A. T. Jones
People receive the Spirit of God when they are baptized with the Holy Spirit. They are by Him baptized into divine unity—the unity for which Jesus prayed.
“For by one Spirit we were all baptized into one body—whether Jews or Greeks, whether slaves or free—and have all been made to drink into one Spirit” (1 Cor. 12:13). And this unity is one of both individual and mutual helpfulness and dependence.
It is the unity of individual and mutual helpfulness; because the Holy Spirit is given alone to fit us for service. And so it is written: “The Spirit of the Lord God is upon Me, because the Lord has anointed Me to preach good tidings to the poor; He has sent Me to heal the brokenhearted, to proclaim liberty to the captives, And the opening of the prison to those who are bound” (Isa. 61:1). And, “God anointed Jesus of Nazareth with the Holy Spirit and with power, who went about doing good and healing all who were oppressed by the devil, for God was with Him” (Acts 10:38).
It is also the unity of individual and mutual dependence; because the gifts of the Spirit are many, and are divided “to each one individually as He wills” (1 Cor. 12:11). These gifts are given “for the edifying of the body of Christ,” “which is the church.” Each gift is essential to the church. But as no one person has all the gifts, each one is dependent upon all the others for the benefits which each gift imparts to the church.
Therefore it is written: “God has set the members, each one of them, in the body just as He pleased. And if they were all one member, where would the body be? But now indeed there are many members, yet one body. And the eye cannot say to the hand, “I have no need of you”; nor again the head to the feet, “I have no need of you.” No, much rather, those members of the body which seem to be weaker are necessary. And those members of the body which we think to be less honorable, on these we bestow greater honor; and our unpresentable parts have greater modesty” (1 Cor. 12:18–23).
Just as the human body is composed of many members, and each member in its place is essential to the symmetry of the body; and just as each member of the human body, however small and feeble, or however great and strong, is dependent on every other member of the body, in order to the proper action of the body as God designed it; so is the body of Christ—the church. And as under “the inspiration of the Almighty,” there is a divine unity in the human body, so under the baptism of the Holy Spirit, the inspiration of the Almighty, there is divine unity in the body of Christ, which is the church.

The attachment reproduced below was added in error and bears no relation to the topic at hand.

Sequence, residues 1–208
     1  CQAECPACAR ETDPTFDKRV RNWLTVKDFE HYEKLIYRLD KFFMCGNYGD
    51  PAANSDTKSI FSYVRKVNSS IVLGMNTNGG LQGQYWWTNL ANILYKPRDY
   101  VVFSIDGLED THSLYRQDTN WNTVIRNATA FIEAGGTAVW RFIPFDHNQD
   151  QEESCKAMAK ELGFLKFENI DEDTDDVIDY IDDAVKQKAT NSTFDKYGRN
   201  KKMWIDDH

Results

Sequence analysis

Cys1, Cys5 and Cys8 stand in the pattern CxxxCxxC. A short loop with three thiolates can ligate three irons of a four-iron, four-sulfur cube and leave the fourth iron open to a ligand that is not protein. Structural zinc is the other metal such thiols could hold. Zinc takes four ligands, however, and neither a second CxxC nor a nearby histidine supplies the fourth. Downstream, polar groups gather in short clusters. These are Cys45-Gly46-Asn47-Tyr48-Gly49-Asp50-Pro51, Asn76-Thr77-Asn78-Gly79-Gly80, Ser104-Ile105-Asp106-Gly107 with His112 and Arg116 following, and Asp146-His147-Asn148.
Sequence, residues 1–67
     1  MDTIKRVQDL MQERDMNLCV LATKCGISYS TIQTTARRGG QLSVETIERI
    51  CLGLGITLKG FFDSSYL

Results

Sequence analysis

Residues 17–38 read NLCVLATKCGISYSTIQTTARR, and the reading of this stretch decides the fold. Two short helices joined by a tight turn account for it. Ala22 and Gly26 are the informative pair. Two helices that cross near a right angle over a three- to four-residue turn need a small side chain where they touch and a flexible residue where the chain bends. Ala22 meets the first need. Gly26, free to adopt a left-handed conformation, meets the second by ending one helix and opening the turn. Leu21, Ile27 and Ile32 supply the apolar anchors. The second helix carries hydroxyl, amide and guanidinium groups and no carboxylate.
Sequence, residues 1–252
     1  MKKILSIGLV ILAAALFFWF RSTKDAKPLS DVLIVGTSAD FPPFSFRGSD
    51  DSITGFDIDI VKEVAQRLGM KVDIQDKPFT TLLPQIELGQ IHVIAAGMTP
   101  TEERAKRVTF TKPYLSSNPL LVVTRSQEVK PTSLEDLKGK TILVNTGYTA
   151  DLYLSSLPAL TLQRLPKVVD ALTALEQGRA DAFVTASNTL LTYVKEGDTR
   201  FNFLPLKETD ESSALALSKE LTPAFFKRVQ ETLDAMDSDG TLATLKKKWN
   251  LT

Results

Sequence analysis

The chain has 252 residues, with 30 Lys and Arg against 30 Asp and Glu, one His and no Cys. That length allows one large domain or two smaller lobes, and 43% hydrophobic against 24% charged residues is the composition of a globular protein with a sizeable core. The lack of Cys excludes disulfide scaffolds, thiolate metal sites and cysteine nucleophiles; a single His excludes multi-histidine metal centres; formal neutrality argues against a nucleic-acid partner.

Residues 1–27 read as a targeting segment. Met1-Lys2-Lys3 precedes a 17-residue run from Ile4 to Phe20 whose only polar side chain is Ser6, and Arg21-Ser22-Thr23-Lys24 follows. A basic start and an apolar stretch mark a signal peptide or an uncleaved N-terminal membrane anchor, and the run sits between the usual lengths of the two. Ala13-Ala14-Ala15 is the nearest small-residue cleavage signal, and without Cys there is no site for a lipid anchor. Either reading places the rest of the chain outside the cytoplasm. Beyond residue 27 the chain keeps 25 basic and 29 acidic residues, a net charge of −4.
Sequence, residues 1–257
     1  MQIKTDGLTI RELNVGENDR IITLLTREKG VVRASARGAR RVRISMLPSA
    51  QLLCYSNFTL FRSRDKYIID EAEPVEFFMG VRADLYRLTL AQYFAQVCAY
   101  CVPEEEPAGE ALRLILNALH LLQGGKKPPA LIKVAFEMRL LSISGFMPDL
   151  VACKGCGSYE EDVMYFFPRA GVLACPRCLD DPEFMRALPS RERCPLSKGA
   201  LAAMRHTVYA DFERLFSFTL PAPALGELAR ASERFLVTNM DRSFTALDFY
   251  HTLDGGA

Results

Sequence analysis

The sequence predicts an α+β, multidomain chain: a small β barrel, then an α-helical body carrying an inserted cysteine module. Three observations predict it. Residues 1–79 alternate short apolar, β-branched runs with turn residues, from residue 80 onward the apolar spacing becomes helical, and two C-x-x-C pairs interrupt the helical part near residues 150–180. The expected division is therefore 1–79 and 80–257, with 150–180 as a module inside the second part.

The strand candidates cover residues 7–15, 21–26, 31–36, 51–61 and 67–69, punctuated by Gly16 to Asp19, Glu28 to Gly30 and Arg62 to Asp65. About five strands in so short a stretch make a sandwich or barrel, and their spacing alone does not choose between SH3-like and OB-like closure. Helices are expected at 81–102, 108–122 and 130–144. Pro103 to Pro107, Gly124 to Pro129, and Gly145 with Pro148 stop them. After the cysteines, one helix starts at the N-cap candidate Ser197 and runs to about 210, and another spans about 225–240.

Under the reign of the Holy Spirit, no member of the church can say of another, “I have no need of you;” even the head cannot say to the feet, “I have no need of you.” How much less, then, can any member of the body say to another member, “I have no need of you.” For “God composed the body, having given greater honor to that part which lacks it, that there should be no schism in the body, but that the members should have the same care for one another. And if one member suffers, all the members suffer with it; or if one member is honored, all the members rejoice with it” (1 Cor. 12:24–26).
“Now you are the body of Christ, and members individually” (v. 27). And Christ is now baptizing His people with the Holy Spirit into this divine unity of the church of Christ. Thank the Lord! Are you baptized into this divine unity? or is there division where you are? Is Christ divided?—No, no! “By one Spirit we were all baptized into one body,” as certainly as we are baptized with the Spirit at all. Are you baptized with the Holy Spirit?
“Ask, and it will be given to you.” “Receive the Holy Spirit.” “Be filled with” “the Holy Spirit of God, by whom you were sealed for the day of redemption.”
The Advent Review and Sabbath Herald, January 3, 1899